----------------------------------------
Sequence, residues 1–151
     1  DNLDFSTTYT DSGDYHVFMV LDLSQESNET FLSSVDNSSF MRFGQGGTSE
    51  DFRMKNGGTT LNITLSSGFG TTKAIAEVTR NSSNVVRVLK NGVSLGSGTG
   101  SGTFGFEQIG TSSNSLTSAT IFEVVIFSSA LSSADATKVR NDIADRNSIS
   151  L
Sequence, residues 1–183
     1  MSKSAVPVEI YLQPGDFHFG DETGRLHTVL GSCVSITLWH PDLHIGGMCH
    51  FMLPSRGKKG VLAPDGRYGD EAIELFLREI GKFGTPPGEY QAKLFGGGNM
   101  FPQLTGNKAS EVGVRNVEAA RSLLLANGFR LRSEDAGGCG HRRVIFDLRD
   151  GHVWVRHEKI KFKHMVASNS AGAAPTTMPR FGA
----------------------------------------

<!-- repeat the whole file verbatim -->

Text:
Sequence, residues 1–151
     1  DNLDFSTTYT DSGDYHVFMV LDLSQESNET FLSSVDNSSF MRFGQGGTSE
    51  DFRMKNGGTT LNITLSSGFG TTKAIAEVTR NSSNVVRVLK NGVSLGSGTG
   101  SGTFGFEQIG TSSNSLTSAT IFEVVIFSSA LSSADATKVR NDIADRNSIS
   151  L
Sequence, residues 1–183
     1  MSKSAVPVEI YLQPGDFHFG DETGRLHTVL GSCVSITLWH PDLHIGGMCH
    51  FMLPSRGKKG VLAPDGRYGD EAIELFLREI GKFGTPPGEY QAKLFGGGNM
   101  FPQLTGNKAS EVGVRNVEAA RSLLLANGFR LRSEDAGGCG HRRVIFDLRD
   151  GHVWVRHEKI KFKHMVASNS AGAAPTTMPR FGA